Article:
BSO and Labadie heat up a cold night with revelatory Mozart

Sun Jan 07, 2018 at 12:49 pm

Bernard Labadie conducted the Baltimore Symphony Orchestra Saturday night at the Music Center at Strathmore.

Bernard Labadie’s visits to Washington with his period ensemble Les Violons du Roy are always cherished events. The conductor from Quebec made his debut at the podium of the Baltimore Symphony Orchestra this weekend with a suave and defined all-Mozart program, heard Saturday evening in the Music Center at Strathmore. Labadie directed the performances seated on a piano bench perched on the dais, a habit he has continued since his miraculous recovery from a near-fatal bout with lymphoma a few years ago.

It is good discipline for this larger, more modern-leaning ensemble to work periodically with an early music specialist. Labadie opened with a light, swift Eine kleine Nachtmusik, which recalled the function of this kind of light serenade, often offered as parting music to guests at the end of Viennese parties.

With just around thirty string players, Labadie helped sharpen the sensations of this pleasing music with clean, bouncy articulation and elegant phrasing, often evaporating into nothing as the melody swooped upward. While the beat was rapid, it was not metronomic, with Labadie introducing some pleasing rubato to mark off sections of music. The Menuetto felt especially sly and coy, at a chipper tempo.

The sensation that the performance was more intimate than the large hall usually hosts was heightened in the second piece, the Concerto for Flute, Harp, and Orchestra. With the same small string ensemble, plus two oboes and two horns, Labadie helped the musicians craft an urbane, airy envelope of sound for his two soloists, BSO principal flutist Emily Skala and acting principal harpist Sarah Fuller.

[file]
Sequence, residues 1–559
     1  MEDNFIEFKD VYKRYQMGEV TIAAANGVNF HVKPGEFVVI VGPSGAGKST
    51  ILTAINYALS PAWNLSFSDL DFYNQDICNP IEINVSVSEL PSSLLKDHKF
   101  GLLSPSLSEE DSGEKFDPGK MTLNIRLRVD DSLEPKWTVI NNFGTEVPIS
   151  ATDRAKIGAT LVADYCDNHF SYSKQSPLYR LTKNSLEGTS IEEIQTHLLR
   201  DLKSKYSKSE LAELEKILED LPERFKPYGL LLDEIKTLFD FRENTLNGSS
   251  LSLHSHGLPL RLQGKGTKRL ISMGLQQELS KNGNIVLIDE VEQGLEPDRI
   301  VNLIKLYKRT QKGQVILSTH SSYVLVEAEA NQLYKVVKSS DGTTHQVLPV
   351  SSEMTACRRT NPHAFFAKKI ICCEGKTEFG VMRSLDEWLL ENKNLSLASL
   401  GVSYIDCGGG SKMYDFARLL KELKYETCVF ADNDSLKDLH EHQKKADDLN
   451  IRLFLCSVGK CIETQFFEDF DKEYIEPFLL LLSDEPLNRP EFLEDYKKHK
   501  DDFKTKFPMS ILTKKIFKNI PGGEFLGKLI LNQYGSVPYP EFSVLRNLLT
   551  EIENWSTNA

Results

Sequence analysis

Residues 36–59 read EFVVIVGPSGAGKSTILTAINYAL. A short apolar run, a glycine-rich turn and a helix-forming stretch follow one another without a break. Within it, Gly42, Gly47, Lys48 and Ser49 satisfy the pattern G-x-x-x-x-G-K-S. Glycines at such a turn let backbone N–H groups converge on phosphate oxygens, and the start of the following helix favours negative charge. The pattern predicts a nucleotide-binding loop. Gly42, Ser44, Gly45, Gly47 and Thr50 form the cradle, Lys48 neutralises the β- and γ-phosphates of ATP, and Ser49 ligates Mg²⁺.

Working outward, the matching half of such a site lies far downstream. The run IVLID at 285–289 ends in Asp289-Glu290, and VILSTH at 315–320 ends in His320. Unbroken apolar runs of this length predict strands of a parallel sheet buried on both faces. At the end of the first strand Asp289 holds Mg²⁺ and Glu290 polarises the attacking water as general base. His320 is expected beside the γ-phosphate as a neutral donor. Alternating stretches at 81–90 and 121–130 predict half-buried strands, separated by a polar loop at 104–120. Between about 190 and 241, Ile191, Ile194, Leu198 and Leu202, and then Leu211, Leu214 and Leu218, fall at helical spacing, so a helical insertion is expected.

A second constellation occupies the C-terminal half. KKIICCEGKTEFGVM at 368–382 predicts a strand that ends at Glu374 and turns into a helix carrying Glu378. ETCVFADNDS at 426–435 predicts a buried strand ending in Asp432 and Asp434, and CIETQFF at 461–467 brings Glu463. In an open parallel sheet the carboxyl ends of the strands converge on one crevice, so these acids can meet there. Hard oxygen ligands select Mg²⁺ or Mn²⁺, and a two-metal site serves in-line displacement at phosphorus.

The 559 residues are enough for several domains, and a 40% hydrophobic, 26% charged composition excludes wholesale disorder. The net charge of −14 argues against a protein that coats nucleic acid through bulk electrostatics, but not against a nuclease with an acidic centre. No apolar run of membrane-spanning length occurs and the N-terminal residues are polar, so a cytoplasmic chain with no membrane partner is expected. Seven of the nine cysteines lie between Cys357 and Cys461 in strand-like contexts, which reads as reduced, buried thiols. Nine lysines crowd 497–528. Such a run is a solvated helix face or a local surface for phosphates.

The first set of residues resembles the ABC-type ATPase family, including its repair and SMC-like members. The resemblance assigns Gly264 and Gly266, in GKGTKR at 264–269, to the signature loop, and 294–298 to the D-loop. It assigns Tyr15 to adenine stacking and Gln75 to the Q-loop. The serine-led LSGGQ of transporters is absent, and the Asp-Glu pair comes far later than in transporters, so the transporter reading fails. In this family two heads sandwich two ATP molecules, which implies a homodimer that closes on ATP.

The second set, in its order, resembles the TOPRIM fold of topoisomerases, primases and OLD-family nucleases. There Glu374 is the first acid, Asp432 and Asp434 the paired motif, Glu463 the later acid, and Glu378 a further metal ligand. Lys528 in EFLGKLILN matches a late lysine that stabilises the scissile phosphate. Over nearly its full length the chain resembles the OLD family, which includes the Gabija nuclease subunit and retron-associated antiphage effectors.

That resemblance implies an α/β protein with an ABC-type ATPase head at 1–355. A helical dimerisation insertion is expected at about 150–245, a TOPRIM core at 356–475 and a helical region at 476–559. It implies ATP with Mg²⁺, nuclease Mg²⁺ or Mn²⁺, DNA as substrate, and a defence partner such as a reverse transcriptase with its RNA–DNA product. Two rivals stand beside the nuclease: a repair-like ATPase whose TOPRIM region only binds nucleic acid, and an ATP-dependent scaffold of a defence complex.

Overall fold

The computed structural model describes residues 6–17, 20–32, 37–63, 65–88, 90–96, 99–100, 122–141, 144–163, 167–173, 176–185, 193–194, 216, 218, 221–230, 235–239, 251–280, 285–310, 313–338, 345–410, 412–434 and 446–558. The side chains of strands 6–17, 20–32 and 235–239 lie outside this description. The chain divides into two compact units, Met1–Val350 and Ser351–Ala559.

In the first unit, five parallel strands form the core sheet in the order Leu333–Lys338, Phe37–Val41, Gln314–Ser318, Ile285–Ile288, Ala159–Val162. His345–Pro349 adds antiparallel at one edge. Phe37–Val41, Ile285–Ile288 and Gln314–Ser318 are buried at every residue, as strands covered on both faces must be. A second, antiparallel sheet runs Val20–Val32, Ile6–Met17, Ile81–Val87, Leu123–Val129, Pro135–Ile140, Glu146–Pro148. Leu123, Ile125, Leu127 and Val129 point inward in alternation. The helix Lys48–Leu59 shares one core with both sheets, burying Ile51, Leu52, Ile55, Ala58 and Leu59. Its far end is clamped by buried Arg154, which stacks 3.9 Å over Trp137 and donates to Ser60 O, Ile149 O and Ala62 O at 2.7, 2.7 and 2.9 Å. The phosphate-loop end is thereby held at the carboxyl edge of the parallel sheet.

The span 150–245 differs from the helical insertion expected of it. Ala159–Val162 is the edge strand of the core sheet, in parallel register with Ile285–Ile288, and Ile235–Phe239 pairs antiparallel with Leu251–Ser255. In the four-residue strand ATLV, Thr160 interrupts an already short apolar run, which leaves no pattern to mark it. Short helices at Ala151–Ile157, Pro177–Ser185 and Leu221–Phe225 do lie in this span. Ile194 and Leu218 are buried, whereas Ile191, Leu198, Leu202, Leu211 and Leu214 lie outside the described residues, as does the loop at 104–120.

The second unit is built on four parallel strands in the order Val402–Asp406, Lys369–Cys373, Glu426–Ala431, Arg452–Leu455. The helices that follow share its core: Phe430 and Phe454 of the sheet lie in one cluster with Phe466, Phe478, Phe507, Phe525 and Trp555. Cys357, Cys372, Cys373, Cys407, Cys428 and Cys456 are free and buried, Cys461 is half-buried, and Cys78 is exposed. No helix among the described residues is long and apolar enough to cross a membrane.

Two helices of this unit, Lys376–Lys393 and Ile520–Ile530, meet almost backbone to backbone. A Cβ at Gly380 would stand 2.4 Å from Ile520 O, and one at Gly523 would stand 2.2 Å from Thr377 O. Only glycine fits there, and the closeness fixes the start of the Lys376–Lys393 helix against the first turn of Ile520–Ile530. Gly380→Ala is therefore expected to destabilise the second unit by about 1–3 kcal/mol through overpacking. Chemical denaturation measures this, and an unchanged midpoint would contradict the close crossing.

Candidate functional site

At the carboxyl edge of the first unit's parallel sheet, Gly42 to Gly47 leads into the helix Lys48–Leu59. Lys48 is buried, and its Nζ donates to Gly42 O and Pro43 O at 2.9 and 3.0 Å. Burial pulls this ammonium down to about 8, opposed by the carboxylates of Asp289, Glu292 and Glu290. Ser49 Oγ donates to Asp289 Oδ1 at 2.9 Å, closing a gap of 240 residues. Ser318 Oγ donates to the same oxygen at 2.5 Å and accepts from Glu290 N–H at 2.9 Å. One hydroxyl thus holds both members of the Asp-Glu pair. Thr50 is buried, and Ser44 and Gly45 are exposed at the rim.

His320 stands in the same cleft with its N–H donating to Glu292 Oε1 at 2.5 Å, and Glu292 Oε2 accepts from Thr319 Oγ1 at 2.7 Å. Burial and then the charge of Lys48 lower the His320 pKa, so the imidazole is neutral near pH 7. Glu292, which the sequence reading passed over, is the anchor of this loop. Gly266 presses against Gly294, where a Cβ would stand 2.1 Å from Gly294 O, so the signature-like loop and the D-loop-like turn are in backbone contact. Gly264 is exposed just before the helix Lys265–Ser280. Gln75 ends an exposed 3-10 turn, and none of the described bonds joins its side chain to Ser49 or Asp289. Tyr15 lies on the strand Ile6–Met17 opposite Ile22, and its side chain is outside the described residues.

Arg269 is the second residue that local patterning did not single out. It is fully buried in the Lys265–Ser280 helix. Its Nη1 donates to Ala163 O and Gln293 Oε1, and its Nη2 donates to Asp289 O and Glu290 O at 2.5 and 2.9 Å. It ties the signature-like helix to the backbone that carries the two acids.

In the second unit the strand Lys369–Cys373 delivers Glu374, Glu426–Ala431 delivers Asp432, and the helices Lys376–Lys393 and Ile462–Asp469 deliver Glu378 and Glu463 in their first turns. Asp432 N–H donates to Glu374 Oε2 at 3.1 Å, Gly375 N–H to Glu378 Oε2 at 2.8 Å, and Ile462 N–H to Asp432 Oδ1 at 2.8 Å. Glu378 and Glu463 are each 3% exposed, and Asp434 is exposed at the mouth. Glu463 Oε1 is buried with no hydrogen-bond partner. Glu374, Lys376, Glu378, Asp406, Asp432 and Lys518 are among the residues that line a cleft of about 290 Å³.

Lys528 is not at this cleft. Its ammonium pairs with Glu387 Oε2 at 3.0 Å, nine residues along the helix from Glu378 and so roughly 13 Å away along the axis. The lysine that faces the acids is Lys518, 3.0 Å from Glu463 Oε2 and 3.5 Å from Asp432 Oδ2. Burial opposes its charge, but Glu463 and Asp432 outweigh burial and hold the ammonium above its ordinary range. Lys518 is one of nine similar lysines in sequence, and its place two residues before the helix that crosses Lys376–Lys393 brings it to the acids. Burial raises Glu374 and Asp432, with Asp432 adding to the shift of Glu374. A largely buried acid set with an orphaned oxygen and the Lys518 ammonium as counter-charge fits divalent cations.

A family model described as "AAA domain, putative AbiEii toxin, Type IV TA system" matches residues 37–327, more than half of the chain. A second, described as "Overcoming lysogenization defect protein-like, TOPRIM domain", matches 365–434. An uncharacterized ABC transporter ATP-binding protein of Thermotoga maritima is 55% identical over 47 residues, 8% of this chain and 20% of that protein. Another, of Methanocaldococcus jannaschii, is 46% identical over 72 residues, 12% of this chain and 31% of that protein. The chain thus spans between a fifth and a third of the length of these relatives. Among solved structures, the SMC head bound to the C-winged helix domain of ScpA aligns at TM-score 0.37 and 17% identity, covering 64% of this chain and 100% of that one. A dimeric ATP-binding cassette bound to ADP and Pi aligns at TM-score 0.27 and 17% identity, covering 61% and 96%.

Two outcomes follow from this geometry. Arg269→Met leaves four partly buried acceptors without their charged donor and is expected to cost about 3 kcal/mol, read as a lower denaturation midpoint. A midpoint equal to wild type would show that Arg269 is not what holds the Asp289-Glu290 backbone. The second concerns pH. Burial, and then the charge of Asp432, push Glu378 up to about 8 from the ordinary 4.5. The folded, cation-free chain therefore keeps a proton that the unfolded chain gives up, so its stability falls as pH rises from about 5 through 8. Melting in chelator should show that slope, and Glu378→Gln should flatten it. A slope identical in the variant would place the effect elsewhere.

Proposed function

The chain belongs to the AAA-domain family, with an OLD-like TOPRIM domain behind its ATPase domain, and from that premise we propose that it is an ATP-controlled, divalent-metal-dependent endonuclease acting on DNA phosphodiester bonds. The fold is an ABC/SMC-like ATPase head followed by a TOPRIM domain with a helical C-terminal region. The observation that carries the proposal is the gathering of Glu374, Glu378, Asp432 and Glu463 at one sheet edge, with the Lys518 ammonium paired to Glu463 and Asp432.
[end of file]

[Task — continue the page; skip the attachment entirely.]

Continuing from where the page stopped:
Labadie’s velvet approach brought this delicate but vivid piece to life, so that Skala’s clear and precise tone, paired amicably with the fluttery playing of Fuller’s harp, came through the texture at all times. Unlike in the serenade, Labadie did not push the outer movements too fast, and that ease of tempo allowed the intricacy of the solo parts to unfold gracefully.

The central Andantino is one of the most wondrous slow movements Mozart ever penned, and orchestra and soloists rendered it with consummate refinement. The standard cadenzas by Carl Reinecke, were effective displays of prowess for both soloists. Fuller had a few effortful moments, but she covered these minor faults easily.

The evening closed with a revelatory reading of the “Jupiter” Symphony (No. 41) that came full of surprises. For this work Labadie added another dozen or so strings, beefing up the sound. In the first movement the orchestra leaned to the soft side of the available dynamic palette, so that the structurally important outbursts of sound, with the augmented strings reinforced by explosive brass and timpani, had a growling rumble to them.

The secret to the musical interest of the performance was the care taken with articulations–crisp and emphatic in the opening three strikes, for example, with a slinky sort of rubato on the second phrase in the opening theme. In the Andante cantabile melodies were cleanly delineated so that the piece, luxuriously paced, still felt lush and supple. The third movement pulsated with the feeling of dance, its sinuous chromatic lines smoothed out but still played as if with arched eyebrow.

In the fourth movement, the dividends of Labadie’s approach paid off richly. Even at a fast tempo, the differentiation of attack made all the melodic motifs, combined so ingeniously throughout the movement in polyphonic layers, crystal clear. Each one popped and crackled in the tapestry of sound, percolating so actively that brain and ears were enlivened by the experience. Each detail, including some of the movement’s truly weird chromatic shifts, was optimally measured and distilled. This was a Mozart performance to cherish.

The program will be repeated 3 p.m. Sunday at Meyerhoff Symphony Hall.; 410-783-8000.


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